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Tips for Trail Riding the Intermountain West
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Tips for Trail Riding the Intermountain West

Spring is in the air, and that means it’s time for trail riding! Whether you plan to do some hardcore riding and backpacking or you're simply looking to get out of town for the weekend, here are some ideas for pulling it off in the Intermountain West.

The Intermountain West is Utah, Nevada, western Wyoming, southern Idaho, and a small portion of California. There are numerous trails and exciting backcountry spots in the region that are ideal for trail rides, no matter your level of experience.

Road Tripping with Horses in Tow

The road trip is an American rite of passage, and your horses don’t need to be left out of the fun. Several popular road trip ideas will take you through the Intermountain West, such as Denver, Colorado to Big Sur, California. The 1,380 mile trip passes through Utah and Nevada, and those states are full of trails for every type of riding.

During the drive, you’ll pass through Utah’s Fishlake National Forest, where riding opportunities are abundant. In Nevada, you’ll discover the Lake Mead National Recreation Area, just east of Las Vegas. The rec area’s backcountry is full of horse trails.

At Lake Mead, horses and pack animals are allowed in most areas except picnic areas and campgrounds. Approved backcountry roads are marked with a yellow arrow sign.

National Park Trail Riding

The Intermountain West is home to a number of national parks, many of them among the country’s top rated. According to National Geographic, Yellowstone in Wyoming remains one of the country’s most visited, with more than 4 million annual visitors. The good news for horse riders is that a large chunk of Yellowstone’s 900 miles of trails are open to horseback riding.

Yellowstone sits on the Idaho border, so when you’re looking for camping spots near Yellowstone, don’t overlook the Gem State. Some RV parks and campsites have spots for horse trailers but fill up quickly, so call ahead to find the best spot for your horses to sleep rather than waiting until you reach Yellowstone.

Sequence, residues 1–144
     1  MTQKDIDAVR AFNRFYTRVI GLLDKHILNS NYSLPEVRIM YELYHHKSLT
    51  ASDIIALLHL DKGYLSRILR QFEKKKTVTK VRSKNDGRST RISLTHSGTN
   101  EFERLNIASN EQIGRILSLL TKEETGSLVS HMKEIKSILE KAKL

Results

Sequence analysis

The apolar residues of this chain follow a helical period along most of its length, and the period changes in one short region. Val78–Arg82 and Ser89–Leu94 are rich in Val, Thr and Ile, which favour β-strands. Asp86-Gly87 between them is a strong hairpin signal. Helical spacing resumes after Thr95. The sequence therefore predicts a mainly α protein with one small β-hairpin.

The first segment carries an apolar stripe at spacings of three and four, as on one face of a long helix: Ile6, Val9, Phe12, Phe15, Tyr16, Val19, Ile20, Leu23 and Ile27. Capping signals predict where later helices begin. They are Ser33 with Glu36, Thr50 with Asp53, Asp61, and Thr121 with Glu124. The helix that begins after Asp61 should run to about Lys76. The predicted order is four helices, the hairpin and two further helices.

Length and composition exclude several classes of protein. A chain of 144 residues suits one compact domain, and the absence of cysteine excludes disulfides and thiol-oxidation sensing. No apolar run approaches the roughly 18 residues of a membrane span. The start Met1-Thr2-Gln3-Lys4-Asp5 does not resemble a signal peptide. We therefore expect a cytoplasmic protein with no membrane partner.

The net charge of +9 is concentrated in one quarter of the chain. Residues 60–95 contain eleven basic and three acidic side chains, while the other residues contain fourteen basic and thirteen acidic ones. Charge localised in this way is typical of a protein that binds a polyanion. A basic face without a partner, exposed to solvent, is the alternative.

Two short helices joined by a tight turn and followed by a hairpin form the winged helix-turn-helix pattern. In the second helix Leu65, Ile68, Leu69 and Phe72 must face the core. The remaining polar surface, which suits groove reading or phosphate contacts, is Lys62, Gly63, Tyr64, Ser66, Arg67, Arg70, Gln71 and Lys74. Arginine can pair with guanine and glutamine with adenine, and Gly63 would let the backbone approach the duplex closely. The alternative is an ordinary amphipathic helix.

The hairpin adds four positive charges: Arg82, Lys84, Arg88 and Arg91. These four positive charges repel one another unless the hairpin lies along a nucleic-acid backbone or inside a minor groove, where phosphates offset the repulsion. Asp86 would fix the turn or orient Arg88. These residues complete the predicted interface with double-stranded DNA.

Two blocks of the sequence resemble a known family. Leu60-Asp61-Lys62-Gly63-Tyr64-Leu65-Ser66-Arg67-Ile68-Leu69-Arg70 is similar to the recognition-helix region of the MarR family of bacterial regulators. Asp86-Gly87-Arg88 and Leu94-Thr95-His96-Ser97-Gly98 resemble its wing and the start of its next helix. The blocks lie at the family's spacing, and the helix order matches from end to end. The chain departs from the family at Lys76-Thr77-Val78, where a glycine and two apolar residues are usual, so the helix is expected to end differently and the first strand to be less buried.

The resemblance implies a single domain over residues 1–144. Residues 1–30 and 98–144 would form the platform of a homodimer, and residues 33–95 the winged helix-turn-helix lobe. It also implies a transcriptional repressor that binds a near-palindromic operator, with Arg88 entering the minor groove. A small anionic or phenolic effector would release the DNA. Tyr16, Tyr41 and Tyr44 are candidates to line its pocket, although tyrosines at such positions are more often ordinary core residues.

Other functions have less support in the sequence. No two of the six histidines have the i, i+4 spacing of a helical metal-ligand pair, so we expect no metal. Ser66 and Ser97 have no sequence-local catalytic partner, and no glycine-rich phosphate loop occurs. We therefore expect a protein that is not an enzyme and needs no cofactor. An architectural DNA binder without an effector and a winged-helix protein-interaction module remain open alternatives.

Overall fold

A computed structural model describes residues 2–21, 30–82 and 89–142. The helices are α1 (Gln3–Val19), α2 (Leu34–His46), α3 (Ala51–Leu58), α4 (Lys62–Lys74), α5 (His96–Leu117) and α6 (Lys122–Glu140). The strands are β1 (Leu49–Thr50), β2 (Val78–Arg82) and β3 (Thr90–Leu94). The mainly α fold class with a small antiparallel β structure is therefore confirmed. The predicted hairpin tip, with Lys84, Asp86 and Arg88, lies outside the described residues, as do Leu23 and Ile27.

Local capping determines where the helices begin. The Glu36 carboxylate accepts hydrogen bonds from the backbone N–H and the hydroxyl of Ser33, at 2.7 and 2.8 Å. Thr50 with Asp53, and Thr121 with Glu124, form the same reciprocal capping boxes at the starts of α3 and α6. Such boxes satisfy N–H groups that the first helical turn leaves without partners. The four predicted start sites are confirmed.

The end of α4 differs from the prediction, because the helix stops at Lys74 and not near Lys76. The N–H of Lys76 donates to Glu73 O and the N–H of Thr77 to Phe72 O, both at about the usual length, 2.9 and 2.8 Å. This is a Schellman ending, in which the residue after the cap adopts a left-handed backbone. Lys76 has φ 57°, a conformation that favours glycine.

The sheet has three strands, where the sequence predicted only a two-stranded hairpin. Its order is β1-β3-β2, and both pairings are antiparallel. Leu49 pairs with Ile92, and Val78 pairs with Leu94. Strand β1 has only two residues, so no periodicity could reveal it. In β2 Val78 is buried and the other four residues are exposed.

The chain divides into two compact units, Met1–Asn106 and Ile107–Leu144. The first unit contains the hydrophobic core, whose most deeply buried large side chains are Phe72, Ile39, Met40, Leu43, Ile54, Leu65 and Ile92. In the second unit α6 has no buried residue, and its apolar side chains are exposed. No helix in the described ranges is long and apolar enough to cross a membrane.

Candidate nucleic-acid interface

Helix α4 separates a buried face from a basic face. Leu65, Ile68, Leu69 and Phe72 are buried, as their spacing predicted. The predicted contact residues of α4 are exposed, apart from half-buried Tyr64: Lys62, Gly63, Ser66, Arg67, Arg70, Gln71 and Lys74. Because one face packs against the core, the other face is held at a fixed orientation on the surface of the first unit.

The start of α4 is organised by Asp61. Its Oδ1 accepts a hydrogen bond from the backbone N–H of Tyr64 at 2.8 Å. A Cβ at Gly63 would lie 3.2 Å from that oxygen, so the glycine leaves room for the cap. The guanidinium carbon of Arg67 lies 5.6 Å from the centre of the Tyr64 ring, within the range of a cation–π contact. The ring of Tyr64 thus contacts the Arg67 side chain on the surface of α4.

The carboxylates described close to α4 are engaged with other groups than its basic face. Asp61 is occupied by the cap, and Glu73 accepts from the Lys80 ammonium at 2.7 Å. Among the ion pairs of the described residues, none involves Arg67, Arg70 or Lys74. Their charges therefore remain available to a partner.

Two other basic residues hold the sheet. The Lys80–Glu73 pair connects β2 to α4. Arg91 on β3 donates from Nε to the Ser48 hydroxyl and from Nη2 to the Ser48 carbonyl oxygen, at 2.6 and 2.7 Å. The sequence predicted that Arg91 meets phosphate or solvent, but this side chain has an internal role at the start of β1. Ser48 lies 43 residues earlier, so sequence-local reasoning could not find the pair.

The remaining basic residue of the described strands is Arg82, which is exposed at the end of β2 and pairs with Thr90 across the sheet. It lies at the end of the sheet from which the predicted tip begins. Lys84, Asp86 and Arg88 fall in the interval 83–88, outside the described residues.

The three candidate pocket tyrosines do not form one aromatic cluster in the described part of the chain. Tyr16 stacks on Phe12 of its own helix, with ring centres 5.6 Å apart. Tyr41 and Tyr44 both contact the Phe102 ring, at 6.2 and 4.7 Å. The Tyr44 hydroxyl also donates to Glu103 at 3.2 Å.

Along with Yellowstone, other scenic national parks in the Intermountain West include Zion, Bryce Canyon, and Arches, all of which are in Utah.

Protecting Yourself on the Trail

When trail riding, there are many safety factors to consider. Prior to setting off, check the difficulty level of the trail to ensure that your horse can handle it. Most trails have well-marked indicators that list trail difficulty levels.

You also need to protect your body from the elements while trail riding. Always wear a riding helmet, and apply sunscreen before heading out, even if it is cloudy. You may also want to consider eye protection. According to eye care professionals, your eyes can be damaged by exposure to UV light. Always wear sunglasses or another form of eye protection, such as UV blocking contact lenses, while on the trail.

Along with a helmet and sunglasses, essential items to take on the trail are a pocket knife and your cell phone. That way, if something happens on the trail, you can call for help. When trail riding in the Intermountain West, you also want to bring along snacks and plenty of water so that you stay hydrated.  

Final Thoughts

The Intermountain West, or the land between the Rocky Mountains and the Cascades, is ripe for adventure. No matter your experience level, you’ll find plenty of trail riding opportunity this spring and summer. Before setting off, make sure you know what to expect from your chosen trails so that you stay safe on your trail riding adventure.  

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